Non Uniform Memory Access is common in modern x86 servers. RAM is connected to each CPU, which connect to each other. Any CPU can access any location in RAM, but will incur additional latency if there are multiple hops along the way. This is the non-uniform part: some portions of memory take longer to access than others.
Yet the NUMA we use today is NUMA in the small. In the 1990s NUMA aimed to make very, very large systems commonplace. There were many levels of bridging, each adding yet more latency. RAM attached to the local CPU was fast, RAM for other CPUs on the same board was somewhat slower. RAM on boards in the same local grouping took longer still, while RAM on the other side of the chassis took forever. Nonetheless this was considered to be a huge advancement in system design because it allowed the software to access vast amounts of memory in the system with a uniform programming interface... except for performance.
Operating system schedulers which had previously run any task on any available CPU would randomly exhibit extremely bad behavior: a process running on distant combinations of CPU and RAM would run an order of magnitude slower. NUMA meant that all RAM was equal, but some was more equal than others. Operating systems desperately added notions of RAM affinity to go along with CPU and cache affinity, but reliably good performance was difficult to achieve.
As an industry we concluded that NUMA in moderation is good, but too much NUMA is bad. Those enormous NUMA systems have mostly lost out to smaller servers clustered together, where each server uses a bit of NUMA to improve its own scalability. The big jump in latency to get to another server is accompanied by a change in API, to use the network instead of memory pointers.
A Segue to Web Applications
Modern web applications can make tradeoffs between CPU utilization, memory footprint, and network bandwidth. Increase the amount of memory available for caching, and reduce the CPU required to recalculate results. Shard the data across more nodes to reduce the memory footprint on each at the cost of increasing network bandwidth. In many cases these tradeoffs don't need to be baked deep in the application, they can be tweaked via relatively simple changes. They can be adjusted to tune the application for RAM size, or for the availability of network bandwidth.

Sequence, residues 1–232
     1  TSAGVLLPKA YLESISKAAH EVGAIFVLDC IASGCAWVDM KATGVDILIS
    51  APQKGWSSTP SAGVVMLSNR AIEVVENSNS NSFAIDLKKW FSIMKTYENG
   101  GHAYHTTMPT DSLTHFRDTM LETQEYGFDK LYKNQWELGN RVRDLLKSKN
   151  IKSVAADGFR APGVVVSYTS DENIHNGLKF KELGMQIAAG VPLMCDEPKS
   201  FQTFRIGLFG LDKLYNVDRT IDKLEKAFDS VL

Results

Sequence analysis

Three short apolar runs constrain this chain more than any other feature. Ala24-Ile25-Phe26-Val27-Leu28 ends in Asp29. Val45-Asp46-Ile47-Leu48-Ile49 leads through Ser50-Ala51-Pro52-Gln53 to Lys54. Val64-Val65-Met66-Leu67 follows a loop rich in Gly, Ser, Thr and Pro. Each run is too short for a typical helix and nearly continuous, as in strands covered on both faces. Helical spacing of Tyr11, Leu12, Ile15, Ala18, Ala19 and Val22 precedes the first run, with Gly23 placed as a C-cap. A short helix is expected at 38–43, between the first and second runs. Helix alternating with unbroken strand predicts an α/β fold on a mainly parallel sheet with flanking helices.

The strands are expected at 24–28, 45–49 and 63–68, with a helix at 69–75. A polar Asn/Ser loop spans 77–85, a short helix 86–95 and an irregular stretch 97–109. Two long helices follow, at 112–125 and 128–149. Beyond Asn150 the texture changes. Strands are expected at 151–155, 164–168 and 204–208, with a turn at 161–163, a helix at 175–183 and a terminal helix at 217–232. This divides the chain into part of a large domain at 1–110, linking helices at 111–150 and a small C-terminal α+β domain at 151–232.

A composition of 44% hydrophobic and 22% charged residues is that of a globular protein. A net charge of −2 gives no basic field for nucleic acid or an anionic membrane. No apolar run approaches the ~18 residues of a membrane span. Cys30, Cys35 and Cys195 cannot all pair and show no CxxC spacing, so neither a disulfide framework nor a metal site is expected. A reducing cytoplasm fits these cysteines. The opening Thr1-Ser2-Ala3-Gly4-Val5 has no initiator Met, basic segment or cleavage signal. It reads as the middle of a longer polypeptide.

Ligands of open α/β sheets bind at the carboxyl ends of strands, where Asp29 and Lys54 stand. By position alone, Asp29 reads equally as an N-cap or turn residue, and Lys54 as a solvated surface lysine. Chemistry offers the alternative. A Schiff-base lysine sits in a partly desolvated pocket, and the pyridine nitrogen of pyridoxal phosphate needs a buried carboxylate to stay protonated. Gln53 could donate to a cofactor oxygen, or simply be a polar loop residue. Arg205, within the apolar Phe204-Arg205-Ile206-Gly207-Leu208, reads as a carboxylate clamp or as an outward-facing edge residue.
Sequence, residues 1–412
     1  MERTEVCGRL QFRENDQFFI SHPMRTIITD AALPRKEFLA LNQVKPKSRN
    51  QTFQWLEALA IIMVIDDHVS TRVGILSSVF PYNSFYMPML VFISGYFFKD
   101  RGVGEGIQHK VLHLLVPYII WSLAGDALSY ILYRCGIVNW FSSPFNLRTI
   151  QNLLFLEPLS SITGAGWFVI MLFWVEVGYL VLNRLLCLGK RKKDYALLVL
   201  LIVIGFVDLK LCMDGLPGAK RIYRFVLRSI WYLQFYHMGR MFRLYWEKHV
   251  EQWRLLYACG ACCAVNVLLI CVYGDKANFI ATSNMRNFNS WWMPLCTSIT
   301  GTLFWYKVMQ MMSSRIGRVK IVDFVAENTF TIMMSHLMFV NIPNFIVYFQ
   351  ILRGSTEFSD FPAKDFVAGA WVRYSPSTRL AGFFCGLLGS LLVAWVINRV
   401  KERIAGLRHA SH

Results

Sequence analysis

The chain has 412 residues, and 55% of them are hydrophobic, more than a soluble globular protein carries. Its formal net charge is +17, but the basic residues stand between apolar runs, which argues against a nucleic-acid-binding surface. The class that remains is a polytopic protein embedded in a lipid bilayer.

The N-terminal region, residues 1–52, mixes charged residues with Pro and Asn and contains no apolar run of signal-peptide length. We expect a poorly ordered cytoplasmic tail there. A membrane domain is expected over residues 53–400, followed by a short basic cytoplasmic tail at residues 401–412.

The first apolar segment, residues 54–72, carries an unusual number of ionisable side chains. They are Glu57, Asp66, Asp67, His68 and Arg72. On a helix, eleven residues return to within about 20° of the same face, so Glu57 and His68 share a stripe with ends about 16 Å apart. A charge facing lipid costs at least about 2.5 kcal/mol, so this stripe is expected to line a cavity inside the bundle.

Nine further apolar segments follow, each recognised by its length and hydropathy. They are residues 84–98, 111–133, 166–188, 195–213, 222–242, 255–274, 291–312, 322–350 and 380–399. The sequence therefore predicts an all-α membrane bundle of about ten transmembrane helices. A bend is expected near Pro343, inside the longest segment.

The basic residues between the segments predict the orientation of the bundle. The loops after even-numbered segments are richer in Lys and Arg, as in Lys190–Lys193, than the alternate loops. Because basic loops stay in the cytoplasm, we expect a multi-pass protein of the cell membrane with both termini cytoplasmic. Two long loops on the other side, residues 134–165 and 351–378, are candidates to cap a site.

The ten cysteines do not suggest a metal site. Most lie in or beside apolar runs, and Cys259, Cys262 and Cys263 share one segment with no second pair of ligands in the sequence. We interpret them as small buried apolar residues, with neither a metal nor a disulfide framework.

Further Segue To Overlay Networks
There is a lot of effort being put into overlay networks for virtualized datacenters, to create an L2 network atop an L3 infrastructure. This allows the infrastructure to run as an L3 network, which we are pretty good at scaling and managing, while the service provided to the VMs behaves as an L2 network.
Yet once the packets are carried in IP tunnels they can, through the magic of routing, be carried across a WAN to another facility. The datacenter network can be transparently extended to include resources in several locations. Transparently, except for performance. The round trip time across a WAN will inevitably be longer than the LAN, the speed of light demands it. Even for geographically close facilities the bandwidth available over a WAN will be far less than the bandwidth available within a datacenter, perhaps orders of magnitude less. Application tuning parameters set based on the performance within a single datacenter will be horribly wrong across the WAN.
I've no doubt that people will do it anyway. We will see L2 overlay networks being carried across VPNs to link datacenters together transparently (except for performance). Like the OS schedulers suddenly finding themselves in a NUMA world, software infrastructure within the datacenter will find itself in a network where some links are more equal than others. As an industry, we'll spend a couple years figuring out whether that was a good idea or not.
footnote: this blog contains articles on a range of topics. If you want more posts like this, I suggest the Ethernet label.